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Entry #4

Discussion in 'Q1 2021' started by Xiph0, Mar 14, 2021.

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  1. Xiph0

    Xiph0 Yoda Admin

    Dec 7, 2005
    West Bank
    Cornish Pasties

    I never expected to speak at Harry’s funeral, yet here I am, waiting my turn as the Minister speaks and Harry’s grandchildren hold back tears beside me. Harry always felt larger than life. Part of me never expected to outlive him. Gran said that Albus Dumbledore was the same, as much image as man, but it’s precious few who still remember him and fewer still outside of Britain.

    I’m still not sure what to say. I’m numb but I won’t show that. Harry would have my head. One of the first things he taught me, picking me up from Gran’s for a visit, was that you had to show people what you wanted them to see if they insisted on watching you. A form of power he said, handling your image.

    Then he dropped his hand on my head and next thing I knew we were having Cornish pasties in Land’s End, looking nothing like ourselves.

    My memories of that day are some of my best. All the wonder of an eight year old seeing Belerion for the first time coupled with Harry going on about how much he loved Cornish pasties, and how it was a pity they never served them at Hogwarts. The thrill of being incognito with Harry Potter, the Master of Death, imagining all the adventures they could have with Teddy as his sidekick. The warm glow nestled in his chest when he rode double on his godfather’s broom above the battered cliffs.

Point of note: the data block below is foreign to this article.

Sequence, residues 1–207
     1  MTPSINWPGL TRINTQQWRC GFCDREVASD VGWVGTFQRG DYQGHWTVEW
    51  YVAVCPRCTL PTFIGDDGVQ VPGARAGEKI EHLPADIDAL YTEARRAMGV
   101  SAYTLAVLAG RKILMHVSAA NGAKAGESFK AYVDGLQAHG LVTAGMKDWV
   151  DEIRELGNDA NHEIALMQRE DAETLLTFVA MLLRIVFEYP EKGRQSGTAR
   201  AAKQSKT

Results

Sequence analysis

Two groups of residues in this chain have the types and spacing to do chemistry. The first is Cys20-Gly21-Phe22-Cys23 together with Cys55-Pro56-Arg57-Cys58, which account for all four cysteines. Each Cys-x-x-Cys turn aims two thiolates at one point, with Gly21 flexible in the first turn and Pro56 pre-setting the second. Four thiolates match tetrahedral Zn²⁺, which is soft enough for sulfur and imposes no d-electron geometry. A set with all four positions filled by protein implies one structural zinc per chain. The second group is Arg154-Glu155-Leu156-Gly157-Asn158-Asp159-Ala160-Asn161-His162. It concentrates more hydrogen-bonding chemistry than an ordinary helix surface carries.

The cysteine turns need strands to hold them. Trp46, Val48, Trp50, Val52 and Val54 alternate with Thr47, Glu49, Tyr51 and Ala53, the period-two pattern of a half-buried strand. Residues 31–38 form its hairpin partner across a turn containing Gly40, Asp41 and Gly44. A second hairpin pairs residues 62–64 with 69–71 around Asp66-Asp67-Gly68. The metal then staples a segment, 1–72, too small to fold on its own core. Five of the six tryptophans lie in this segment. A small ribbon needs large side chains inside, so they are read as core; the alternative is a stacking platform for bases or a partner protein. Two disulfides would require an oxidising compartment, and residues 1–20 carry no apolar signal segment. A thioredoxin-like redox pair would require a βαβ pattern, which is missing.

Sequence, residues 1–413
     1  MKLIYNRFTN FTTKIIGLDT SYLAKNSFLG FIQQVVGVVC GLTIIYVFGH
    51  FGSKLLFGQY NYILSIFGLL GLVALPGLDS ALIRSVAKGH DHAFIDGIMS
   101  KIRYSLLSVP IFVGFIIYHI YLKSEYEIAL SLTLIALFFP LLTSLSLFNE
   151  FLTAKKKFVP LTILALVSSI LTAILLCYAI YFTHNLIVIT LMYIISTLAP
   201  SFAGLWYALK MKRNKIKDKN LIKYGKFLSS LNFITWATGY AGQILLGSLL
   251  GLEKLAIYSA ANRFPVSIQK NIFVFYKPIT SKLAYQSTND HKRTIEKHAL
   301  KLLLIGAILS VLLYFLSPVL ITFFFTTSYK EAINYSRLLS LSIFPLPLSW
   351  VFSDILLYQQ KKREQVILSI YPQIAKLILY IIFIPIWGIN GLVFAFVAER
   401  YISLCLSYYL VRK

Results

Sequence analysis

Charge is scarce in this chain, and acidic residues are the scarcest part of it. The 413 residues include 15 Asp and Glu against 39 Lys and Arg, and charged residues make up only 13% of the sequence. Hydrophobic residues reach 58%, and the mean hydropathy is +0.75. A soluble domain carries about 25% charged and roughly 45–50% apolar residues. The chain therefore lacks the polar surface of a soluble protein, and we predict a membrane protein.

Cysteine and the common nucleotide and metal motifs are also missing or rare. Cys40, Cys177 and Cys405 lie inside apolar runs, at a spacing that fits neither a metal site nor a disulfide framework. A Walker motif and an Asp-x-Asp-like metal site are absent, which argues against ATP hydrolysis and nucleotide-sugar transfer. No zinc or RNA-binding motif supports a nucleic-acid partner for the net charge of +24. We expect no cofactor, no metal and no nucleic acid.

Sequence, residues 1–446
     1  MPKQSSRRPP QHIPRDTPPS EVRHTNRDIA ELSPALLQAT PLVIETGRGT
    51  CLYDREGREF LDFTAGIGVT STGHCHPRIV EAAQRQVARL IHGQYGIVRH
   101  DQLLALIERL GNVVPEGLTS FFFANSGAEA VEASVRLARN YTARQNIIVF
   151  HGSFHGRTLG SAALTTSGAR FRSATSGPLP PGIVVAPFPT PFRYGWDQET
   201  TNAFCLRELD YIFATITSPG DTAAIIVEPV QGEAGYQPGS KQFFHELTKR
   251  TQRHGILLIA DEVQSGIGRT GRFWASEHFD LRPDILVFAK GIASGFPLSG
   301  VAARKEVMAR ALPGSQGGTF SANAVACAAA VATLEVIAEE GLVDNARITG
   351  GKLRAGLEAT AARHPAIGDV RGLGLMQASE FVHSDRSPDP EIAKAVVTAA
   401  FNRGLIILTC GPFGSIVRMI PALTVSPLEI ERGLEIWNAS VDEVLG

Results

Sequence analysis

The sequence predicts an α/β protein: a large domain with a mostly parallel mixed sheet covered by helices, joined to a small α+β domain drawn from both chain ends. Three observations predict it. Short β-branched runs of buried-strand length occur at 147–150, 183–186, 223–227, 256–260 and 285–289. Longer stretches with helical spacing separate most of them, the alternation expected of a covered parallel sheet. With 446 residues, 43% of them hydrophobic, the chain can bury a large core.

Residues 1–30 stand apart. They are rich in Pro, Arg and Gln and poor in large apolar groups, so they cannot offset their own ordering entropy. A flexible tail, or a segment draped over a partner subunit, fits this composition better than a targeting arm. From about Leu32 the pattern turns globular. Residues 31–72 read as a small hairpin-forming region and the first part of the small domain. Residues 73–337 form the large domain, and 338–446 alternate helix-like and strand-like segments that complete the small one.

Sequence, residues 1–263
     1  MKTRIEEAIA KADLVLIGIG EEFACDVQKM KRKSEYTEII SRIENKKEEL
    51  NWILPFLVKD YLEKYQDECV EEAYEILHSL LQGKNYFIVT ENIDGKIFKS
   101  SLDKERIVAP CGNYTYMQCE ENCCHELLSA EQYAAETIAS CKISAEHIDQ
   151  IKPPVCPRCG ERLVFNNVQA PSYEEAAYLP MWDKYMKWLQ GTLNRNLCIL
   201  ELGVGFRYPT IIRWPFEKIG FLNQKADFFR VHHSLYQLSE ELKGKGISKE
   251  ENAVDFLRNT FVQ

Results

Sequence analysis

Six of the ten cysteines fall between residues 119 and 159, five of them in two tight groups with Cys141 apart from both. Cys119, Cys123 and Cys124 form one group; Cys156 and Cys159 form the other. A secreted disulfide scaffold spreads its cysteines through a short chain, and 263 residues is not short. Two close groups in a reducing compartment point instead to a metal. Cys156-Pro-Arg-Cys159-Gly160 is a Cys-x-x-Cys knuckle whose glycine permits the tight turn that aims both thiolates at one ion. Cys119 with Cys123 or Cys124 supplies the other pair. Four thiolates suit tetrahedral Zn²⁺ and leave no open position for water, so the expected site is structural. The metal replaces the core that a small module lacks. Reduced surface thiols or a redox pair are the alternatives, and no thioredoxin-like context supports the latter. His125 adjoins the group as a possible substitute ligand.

I could open with a story about the day I got my Hogwarts letter, asking Harry for tips on how to be just like him. He waffled for a bit, rambling about choices and doing what’s right versus what’s easy, but after a minute he huffed and closed his eyes.

    “Look, Teddy,” he said. I corrected him that it was ‘Ted’ now, as I was too old for nicknames now that I had my letter, and he grinned. “Ted, then. I think you should strive to be yourself, not to be me, but…” He paused. “I never wanted to be famous, you know.”

    I objected, citing his international fame as a curse breaker, his public appearances closing the Veils that kept popping up all over the world, his position with the ICW as an advisor to all countries as the undisputed Master of Death and the only wizard alive who could go toe to toe with the worst horrors of the other side.

    He ruffled my hair. “I was seventeen when the Veil tore and I became the Master of Death. I wanted to do my part and then fade into the background, but, well, things happened and I realized that it’s people like Albus who make real change, because people looked to them to do so.” Harry’s demeanor changed then, and he stared into the distance at a point over my shoulder. To me it seemed as if he aged fifty years in an instant. “And Ted, people look to me. I can ignore it or I can take the reins and guide it, because if I didn’t someone else would.”

    Luna interrupted us then, beaming, and swooped down to envelop me in a hug before launching herself at Harry. He caught her in a kiss and laughed, the years falling off his frame, and she told us she was pregnant with twins. His grin lit up the room as he pulled me into the hug.

    Harry wasn’t around much while I was a kid. Too busy flitting around the world fighting eldritch monsters in tombs or traveling through veils seeking ways to stop them opening. Once the twins – Marigold and Lorcan – were born, he was around more. Every holiday we’d go for a pasty at Belerion and he’d teach me spells and strategy and anything else I ever asked him. I wanted to be an Auror, because that’s how he started out.